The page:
The Apocrypha of the Old Testament includes the book of Ecclesiasticus, The Wisdom of Jesus son of Ben Sirach. The book, a collection of various kinds of wisdom sayings, is commonly dated to 180 BCE. In what follows I will juxtapose two famous sections of the book as background for my appreciation of care-givers.
First, in Ben Sirach 38 there is a celebrative ode concerning doctors (38:1-15):
Honor physicians for their services,
for the Lord created them;
for their gift of healing comes from the Most High,
and they are rewarded by the king.
The skill of physicians makes them distinguished,
and in the presence of the great they are admired.
The Lord created medicines out of the earth,
and the sensible will not despise them (vv. 1-4).
Lest there be any tension between faith and medical science, the writer sees that medicine is a good gift from the creator God. As direct advice for the sick, the writer urges prayer, penitence, and offerings to God:
My child, when you are ill, do not delay,
But pray to the Lord, and he will heal you.
Give up your faults and direct your hands rightly,
and cleanse your heart from all sin.
Offer a sweet-smelling sacrifice, and a memorial portion or choice flour,
and pour oil on your offering, as much as you can afford (vv. 9-11).
But after these urgings of piety, room is made for the doctor:
Then give the physician his place, for the Lord created him;
do not let him leave you, for you need him.
There may come a time when recovery lies in the hands of the physicians,
for they pray to the Lord
that he grant them success in diagnosis and in healing,
for the sake of preserving life (vv. 12-14).
The final aphorism links sin against the creator God to defiance of the doctor:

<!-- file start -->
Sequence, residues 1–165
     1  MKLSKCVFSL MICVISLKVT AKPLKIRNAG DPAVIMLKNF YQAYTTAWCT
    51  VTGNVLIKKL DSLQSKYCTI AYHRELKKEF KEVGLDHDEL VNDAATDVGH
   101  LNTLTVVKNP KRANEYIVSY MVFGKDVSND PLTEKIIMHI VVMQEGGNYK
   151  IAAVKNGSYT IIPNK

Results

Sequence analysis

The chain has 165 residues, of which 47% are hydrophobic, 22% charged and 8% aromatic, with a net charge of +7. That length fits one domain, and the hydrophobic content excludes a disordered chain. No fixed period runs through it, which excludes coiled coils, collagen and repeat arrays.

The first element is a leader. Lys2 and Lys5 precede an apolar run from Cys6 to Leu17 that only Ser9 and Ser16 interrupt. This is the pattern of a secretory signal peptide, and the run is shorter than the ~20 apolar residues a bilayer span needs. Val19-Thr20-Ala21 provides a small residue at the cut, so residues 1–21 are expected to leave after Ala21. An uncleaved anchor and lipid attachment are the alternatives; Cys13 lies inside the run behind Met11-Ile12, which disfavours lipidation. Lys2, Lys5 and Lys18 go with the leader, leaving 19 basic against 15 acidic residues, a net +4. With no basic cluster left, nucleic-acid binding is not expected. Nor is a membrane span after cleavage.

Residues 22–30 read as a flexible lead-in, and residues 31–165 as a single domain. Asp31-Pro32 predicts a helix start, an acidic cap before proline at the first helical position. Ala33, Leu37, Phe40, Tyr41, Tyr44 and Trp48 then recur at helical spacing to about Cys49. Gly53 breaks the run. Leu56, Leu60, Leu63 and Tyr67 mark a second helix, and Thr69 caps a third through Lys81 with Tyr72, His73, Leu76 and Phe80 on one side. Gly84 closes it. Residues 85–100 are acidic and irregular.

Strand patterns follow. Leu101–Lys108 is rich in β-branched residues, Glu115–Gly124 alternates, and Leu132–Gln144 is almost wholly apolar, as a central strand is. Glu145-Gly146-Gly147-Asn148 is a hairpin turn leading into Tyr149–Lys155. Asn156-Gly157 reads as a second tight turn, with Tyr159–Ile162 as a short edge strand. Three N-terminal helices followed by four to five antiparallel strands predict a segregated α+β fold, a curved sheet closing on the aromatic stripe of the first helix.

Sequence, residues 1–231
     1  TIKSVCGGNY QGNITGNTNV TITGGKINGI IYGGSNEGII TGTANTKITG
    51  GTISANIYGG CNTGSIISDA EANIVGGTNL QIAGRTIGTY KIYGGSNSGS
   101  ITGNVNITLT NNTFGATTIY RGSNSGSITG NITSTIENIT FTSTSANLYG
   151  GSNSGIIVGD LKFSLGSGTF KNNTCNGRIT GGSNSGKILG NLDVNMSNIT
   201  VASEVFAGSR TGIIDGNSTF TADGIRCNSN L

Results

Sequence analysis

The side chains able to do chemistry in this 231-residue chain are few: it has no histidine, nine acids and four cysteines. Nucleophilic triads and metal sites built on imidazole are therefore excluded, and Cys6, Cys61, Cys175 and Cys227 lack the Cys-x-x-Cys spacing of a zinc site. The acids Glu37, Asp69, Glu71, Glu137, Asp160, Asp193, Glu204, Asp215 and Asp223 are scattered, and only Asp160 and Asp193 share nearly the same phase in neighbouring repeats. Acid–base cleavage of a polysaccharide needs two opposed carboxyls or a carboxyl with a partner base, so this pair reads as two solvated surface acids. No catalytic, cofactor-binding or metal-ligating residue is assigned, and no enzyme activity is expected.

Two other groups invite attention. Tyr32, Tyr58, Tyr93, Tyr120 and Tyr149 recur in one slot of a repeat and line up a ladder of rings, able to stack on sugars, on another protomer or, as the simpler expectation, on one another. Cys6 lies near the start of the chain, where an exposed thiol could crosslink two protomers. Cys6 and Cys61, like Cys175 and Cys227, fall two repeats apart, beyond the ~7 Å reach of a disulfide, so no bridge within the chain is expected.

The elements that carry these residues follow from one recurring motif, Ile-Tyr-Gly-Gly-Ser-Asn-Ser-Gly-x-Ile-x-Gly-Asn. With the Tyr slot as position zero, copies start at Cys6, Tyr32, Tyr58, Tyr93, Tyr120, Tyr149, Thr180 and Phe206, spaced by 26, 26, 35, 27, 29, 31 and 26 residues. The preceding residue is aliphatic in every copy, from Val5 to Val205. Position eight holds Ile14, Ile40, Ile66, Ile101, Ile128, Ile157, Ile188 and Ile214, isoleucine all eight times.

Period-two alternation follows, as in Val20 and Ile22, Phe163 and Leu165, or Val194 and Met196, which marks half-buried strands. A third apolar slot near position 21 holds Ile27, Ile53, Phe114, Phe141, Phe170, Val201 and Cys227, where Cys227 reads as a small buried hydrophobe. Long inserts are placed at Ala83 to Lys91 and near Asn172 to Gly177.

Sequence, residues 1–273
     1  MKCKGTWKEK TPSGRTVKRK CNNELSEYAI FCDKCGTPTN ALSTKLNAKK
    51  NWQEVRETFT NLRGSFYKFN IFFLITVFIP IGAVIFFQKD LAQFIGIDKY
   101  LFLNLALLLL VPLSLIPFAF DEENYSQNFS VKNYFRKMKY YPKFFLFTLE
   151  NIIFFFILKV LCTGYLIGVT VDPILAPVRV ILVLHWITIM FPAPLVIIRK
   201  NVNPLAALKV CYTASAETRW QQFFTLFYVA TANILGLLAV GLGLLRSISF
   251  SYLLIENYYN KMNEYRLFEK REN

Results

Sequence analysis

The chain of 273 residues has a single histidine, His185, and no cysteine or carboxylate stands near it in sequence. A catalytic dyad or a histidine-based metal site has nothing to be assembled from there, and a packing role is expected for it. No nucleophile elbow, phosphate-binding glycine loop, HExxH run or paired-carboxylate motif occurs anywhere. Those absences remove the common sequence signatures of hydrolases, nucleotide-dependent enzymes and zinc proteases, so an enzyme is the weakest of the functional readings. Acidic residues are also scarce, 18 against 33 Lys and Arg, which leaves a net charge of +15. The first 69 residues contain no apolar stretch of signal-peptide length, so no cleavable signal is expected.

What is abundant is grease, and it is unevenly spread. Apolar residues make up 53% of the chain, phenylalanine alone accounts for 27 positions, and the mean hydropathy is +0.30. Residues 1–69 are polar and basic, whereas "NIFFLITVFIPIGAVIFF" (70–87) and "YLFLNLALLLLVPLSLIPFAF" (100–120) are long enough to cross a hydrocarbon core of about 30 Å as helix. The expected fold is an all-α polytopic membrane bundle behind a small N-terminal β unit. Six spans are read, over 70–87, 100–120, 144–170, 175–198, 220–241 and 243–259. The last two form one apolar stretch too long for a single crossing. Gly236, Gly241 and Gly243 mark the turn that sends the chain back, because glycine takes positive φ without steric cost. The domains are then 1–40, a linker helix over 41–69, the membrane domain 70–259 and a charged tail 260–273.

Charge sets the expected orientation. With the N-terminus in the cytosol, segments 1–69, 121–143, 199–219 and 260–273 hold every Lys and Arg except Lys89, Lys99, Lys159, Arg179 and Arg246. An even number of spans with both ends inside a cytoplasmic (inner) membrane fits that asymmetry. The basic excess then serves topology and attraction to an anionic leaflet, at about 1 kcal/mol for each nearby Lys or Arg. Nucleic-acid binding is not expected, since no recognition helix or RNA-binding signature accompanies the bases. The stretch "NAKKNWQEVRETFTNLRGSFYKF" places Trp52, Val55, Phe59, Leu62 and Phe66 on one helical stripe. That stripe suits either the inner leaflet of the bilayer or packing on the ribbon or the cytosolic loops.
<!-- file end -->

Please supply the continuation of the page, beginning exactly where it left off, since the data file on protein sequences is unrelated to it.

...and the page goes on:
He who sins against his maker,
will be defiant toward the physician (v. 15).
This linkage of God and doctors is not unlike Proverbs 17:5 that voices a direct link between mocking the poor and insulting the creator. As the poor are intimately linked to God, so doctors are closely connected to the creator.
The other citation from Ben Sirach to which I make appeal here is the long section of 44:1-50:21 introduced by the familiar phrase, “Let Us Now Praise Famous Men.” What follows is a long list of “famous men” in the memory of Israel who are indeed men of faith who contributed effectively to the life of Israel. (Yes, the list includes only men, even though the tradition markedly includes many women of faith who mattered decisively, including Sarah, Miriam, Deborah, Hannah, and Hulda). In this rendition the writer names men of prominence, but then acknowledges that there are many others not included or remembered:
But of others there is no memory;
they have perished as though they had never existed;
they have become as though they had never been born,
they and their children after them.